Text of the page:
Irritable bowel syndrome, also known as IBS, is the most common gastrointestinal diagnosis
How common is IBS? Scientific tests show that 10%-15% of Americans suffer from IBS. IBS is more common in women with almost twice as many women having it than men. IBS is characterized by a cluster of symptoms, including recurrent abdominal discomfort, as well as a change in the frequency and/or consistency of bowel movements. Diagnosis is based on these symptoms; there is no official test for IBS. Due to this broad definition, at times ‘IBS’ is considered a catch-all term for anyone suffering from digestive symptoms who does not have inflammatory bowel disease. When assigned too broadly, it can provide a diagnosis without adequate investigation into the root cause of symptoms, and treatment may focus solely on providing temporary symptom relief rather than permanent resolution. Additionally, IBS is often falsely determined to be solely psychogenic, denying patients access to further investigation while reducing the cause of their suffering to ‘all in their head’.
Thankfully, our understanding of gut health – and gut disease – is changing rapidly. Recent research indicates that the development of IBS is multifactorial, and is largely influenced by the health of the gut microbiome, the complex microbial ecosystem that houses fungi, viruses, and bacteria within the gastrointestinal tract. This is most evident when chronic IBS symptoms begin following acute gastroenteritis due to exposure to a pathogen. The introduction of a pathogenic microbe can create both the acute symptoms associated with acute gastroenteritis, such as vomiting, diarrhea, and fever, while creating a long-term shift in gut motility that sets the stage for chronic IBS. Alterations to the microbiome also appear to underlie the two main categories of IBS: diarrhea-predominant IBS (IBS-D) and constipation-predominant IBS (IBS-C). IBS-D has been associated with increased levels of hydrogen-producing bacteria, while IBS-C has been associated with increased levels of methane-producing bacteria; both of these microbial imbalances are collectively known as small intestinal bacterial overgrowth (SIBO).
IBS = SIBO?
The gold standard for diagnosing SIBO is small intestinal aspirate, though it is rarely used clinically. Instead, lactulose breath tests are utilized to measure both hydrogen and methane levels; these measurements are indicative of bacterial levels within the small intestine. Research values vary but indicate that anywhere from 33-78% of patients diagnosed with IBS actually test positive for hydrogen and/or methane SIBO. An additional study of patients who tested positive for SIBO found a 7-8 fold increase in both Escherichia/Shigella and Klebsiella bacteria compared to non-SIBO patients. An additional study in patients with IBS-like symptoms showed roughly 25% of them had an excessive number of fungal organisms within the small intestine, known as small intestinal fungal overgrowth or SIFO. Recently, a large-scale study at Cedars Sinai has identified elevations of a third gas, hydrogen sulfide, in cases of IBS-D, indicating elevation in hydrogen sulfide-producing bacteria as both an additional type of SIBO, and another possible root cause of IBS. Several therapeutic trials that aimed to treat gut microbes with antibiotics have shown favorable improvements in IBS-symptoms, further supporting the theory that microbial imbalances play a key role in the development of IBS.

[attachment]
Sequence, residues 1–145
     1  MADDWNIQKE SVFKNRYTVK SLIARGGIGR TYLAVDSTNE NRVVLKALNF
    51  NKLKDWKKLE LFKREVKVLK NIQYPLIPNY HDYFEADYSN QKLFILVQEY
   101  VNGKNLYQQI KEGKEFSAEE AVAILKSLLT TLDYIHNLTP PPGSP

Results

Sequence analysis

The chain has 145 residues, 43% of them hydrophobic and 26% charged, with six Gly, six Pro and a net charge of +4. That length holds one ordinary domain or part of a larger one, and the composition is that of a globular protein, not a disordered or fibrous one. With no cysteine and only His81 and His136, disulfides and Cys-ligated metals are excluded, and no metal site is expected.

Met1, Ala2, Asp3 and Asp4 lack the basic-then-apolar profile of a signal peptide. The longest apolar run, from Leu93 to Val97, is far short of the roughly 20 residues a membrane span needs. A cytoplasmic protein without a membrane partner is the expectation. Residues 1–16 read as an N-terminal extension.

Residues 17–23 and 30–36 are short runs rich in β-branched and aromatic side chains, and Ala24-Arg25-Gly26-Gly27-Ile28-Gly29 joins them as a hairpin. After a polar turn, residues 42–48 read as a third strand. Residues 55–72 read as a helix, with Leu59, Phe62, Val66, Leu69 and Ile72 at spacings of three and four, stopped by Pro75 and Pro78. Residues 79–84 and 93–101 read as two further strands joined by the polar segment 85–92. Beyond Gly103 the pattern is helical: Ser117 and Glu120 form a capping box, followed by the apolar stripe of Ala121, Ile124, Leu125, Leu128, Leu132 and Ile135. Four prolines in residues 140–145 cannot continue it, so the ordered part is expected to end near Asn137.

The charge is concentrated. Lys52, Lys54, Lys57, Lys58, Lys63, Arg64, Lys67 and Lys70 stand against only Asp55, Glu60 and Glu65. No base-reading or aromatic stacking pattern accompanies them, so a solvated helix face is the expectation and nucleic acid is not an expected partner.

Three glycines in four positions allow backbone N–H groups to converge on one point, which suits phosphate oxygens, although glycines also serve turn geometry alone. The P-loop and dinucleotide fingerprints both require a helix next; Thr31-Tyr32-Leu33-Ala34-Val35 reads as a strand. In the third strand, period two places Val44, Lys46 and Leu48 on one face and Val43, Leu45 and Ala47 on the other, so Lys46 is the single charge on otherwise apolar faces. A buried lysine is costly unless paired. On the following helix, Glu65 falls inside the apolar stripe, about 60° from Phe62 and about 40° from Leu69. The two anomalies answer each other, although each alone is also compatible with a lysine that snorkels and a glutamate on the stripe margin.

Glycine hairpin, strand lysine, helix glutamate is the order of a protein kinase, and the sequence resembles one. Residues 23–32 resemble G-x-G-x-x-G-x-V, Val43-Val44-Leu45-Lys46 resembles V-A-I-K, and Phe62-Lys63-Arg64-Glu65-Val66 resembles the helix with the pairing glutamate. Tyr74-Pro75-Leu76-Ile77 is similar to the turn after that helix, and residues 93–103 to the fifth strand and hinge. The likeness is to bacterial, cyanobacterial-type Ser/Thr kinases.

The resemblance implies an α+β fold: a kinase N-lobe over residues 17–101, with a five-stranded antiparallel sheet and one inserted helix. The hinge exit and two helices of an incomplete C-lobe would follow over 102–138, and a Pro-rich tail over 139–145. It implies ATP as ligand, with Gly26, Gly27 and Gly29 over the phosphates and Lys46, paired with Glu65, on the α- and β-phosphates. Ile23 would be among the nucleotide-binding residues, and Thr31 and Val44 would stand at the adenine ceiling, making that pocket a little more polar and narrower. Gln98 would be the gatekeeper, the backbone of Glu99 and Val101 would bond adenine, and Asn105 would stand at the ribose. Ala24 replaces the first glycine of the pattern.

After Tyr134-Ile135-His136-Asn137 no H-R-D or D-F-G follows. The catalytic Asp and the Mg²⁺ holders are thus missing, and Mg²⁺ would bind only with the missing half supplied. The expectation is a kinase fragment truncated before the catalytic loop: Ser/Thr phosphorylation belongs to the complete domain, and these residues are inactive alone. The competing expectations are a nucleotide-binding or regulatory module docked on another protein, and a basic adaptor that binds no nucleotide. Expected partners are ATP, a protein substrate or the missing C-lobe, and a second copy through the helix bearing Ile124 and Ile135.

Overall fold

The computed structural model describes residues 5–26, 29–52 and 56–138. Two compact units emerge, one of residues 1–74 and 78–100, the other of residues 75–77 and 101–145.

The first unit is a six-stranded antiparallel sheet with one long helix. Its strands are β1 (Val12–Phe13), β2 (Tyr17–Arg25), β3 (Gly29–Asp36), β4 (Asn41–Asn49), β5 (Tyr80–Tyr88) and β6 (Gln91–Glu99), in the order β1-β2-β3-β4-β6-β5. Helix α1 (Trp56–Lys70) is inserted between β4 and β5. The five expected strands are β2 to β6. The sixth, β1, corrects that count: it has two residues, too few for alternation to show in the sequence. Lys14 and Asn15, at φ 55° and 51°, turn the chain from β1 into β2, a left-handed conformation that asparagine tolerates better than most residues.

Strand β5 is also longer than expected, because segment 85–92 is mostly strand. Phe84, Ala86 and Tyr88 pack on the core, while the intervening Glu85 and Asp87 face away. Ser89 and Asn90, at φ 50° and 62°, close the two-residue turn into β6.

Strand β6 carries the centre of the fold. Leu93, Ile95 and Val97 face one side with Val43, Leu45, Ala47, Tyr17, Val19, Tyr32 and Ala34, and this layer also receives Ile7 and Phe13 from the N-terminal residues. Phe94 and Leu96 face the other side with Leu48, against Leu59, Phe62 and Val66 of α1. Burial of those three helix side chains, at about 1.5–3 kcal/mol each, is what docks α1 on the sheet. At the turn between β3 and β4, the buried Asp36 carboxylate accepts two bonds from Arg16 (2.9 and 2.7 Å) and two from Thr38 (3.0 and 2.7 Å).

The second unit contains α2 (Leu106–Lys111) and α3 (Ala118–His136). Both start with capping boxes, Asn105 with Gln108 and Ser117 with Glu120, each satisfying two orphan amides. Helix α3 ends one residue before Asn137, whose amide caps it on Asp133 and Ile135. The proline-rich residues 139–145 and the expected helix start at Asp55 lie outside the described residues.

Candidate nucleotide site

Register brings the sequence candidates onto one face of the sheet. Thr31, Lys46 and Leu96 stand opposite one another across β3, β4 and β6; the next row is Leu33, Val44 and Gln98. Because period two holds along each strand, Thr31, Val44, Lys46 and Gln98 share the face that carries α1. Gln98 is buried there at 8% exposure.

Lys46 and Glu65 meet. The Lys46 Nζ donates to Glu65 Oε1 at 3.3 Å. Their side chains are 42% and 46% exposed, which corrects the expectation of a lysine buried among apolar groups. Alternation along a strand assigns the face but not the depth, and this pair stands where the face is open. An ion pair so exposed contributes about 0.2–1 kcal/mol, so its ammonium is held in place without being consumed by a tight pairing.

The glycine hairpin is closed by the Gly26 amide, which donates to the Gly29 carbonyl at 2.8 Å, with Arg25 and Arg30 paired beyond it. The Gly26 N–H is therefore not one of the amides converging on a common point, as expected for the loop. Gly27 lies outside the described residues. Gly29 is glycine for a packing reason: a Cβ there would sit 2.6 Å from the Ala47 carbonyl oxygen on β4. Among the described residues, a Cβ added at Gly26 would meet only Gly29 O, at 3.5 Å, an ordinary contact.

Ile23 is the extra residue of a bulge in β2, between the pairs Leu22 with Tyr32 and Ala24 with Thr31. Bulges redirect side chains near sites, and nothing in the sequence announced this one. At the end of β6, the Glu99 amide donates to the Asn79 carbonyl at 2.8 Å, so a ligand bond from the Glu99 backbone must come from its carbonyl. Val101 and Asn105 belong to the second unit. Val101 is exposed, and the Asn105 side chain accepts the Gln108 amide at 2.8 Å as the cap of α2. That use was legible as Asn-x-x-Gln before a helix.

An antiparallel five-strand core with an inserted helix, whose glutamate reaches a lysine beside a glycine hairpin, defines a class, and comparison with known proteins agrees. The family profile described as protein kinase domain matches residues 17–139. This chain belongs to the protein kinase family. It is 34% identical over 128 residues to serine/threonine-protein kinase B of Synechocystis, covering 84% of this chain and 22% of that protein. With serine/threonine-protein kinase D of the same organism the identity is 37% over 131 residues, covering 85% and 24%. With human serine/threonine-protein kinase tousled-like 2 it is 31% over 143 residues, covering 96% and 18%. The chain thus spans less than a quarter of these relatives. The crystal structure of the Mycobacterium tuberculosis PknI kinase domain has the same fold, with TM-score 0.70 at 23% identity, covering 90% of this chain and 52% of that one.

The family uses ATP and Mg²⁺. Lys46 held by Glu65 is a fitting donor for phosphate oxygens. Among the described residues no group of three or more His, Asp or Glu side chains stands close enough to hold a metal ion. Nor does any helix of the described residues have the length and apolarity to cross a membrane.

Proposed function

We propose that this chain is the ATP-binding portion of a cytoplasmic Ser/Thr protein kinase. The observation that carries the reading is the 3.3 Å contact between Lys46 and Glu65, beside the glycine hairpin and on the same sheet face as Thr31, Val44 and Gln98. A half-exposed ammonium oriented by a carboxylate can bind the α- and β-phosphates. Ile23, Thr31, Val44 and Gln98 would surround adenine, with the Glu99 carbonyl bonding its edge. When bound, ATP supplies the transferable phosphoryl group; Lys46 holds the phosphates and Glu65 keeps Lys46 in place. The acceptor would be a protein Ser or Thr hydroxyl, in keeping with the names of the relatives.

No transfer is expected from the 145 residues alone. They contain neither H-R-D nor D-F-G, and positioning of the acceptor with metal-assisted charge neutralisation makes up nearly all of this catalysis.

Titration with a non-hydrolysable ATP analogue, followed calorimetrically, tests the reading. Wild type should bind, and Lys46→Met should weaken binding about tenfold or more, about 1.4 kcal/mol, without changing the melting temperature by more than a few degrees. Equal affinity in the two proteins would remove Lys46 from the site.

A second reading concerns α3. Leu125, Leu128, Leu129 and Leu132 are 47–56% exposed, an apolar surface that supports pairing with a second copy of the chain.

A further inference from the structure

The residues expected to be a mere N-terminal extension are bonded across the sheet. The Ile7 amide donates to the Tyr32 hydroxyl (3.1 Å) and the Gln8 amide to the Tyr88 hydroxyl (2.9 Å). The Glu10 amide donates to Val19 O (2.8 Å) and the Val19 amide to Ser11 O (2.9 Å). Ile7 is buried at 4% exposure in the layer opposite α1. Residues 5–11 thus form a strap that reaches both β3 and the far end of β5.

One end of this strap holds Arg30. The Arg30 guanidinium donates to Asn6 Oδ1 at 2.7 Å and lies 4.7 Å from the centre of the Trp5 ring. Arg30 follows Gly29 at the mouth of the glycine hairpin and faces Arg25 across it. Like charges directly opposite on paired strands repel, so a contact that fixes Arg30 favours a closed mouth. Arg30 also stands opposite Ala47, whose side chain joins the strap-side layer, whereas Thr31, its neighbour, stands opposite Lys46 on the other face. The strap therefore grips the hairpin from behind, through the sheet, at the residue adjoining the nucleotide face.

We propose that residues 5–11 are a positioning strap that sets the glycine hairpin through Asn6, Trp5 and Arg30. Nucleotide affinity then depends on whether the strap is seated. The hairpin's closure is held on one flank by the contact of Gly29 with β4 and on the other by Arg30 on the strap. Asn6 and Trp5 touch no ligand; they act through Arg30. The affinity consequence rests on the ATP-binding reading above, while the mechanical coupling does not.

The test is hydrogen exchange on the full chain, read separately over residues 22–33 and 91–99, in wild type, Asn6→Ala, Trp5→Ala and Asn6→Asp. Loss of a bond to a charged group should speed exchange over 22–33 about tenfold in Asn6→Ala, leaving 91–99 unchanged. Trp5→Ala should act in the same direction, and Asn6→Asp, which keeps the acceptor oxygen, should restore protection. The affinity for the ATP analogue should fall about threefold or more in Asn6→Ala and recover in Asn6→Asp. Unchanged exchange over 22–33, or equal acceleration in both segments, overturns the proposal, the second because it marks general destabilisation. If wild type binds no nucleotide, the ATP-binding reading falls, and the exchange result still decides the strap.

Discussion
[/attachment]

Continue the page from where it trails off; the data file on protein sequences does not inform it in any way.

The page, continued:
All of this research indicates that for a huge percentage of IBS-sufferers, microbial imbalances, either in levels and/or locations of bacteria (as in SIBO) or fungi (SIFO), or a combination of both, are largely to blame for their symptoms. These findings are essential in providing relief for IBS patients, as these complex imbalances in the microbiome will not be corrected simply by following the typical treatment recommendations for IBS, such as stress management, increased fiber intake, laxatives or anti-diarrheals, or pain medications.
A Way Forward
The diagnosis of IBS simply labels the symptoms as a syndrome, without providing any answers as to why a patient may be experiencing those symptoms. Without a root cause, it is difficult to provide the correct treatment methods. But with a correct diagnosis, the correct treatment methods can be applied. It is my hope that testing for hydrogen and methane SIBO will become standard when investigating gastrointestinal symptoms, particularly following cases of acute gastroenteritis.
Depending on symptomatology, it may also be helpful to test for Celiac disease, lactose intolerance, and food sensitivities, in addition to completing imaging to evaluate for inflammatory bowel disease such Crohn’s or Ulcerative colitis. While we have yet to gain access to testing methods for SIFO or hydrogen-sulfide SIBO, a comprehensive stool analysis, can provide insight into the body’s ability to breakdown and absorb nutrients, as well as the health of the gut microbiome. It is through these testing methods that specific imbalances in the gut can be identified; once they are identified, targeted treatments can be applied. For patients previously diagnosed with IBS, particularly if they have seen no resolution in their symptoms following the standard IBS treatment methods, identifying the root cause of their symptoms can be life-changing.